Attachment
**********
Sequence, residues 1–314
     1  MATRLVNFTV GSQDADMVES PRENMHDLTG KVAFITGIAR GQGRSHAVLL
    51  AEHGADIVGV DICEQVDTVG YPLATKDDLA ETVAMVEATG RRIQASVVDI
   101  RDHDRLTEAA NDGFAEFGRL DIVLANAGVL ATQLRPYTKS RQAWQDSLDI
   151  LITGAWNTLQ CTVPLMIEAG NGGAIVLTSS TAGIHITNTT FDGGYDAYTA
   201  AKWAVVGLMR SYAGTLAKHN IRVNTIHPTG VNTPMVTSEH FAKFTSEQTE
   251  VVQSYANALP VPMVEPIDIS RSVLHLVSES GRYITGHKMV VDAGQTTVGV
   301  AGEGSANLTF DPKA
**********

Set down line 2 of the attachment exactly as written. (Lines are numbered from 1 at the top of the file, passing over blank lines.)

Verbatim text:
     1  MATRLVNFTV GSQDADMVES PRENMHDLTG KVAFITGIAR GQGRSHAVLL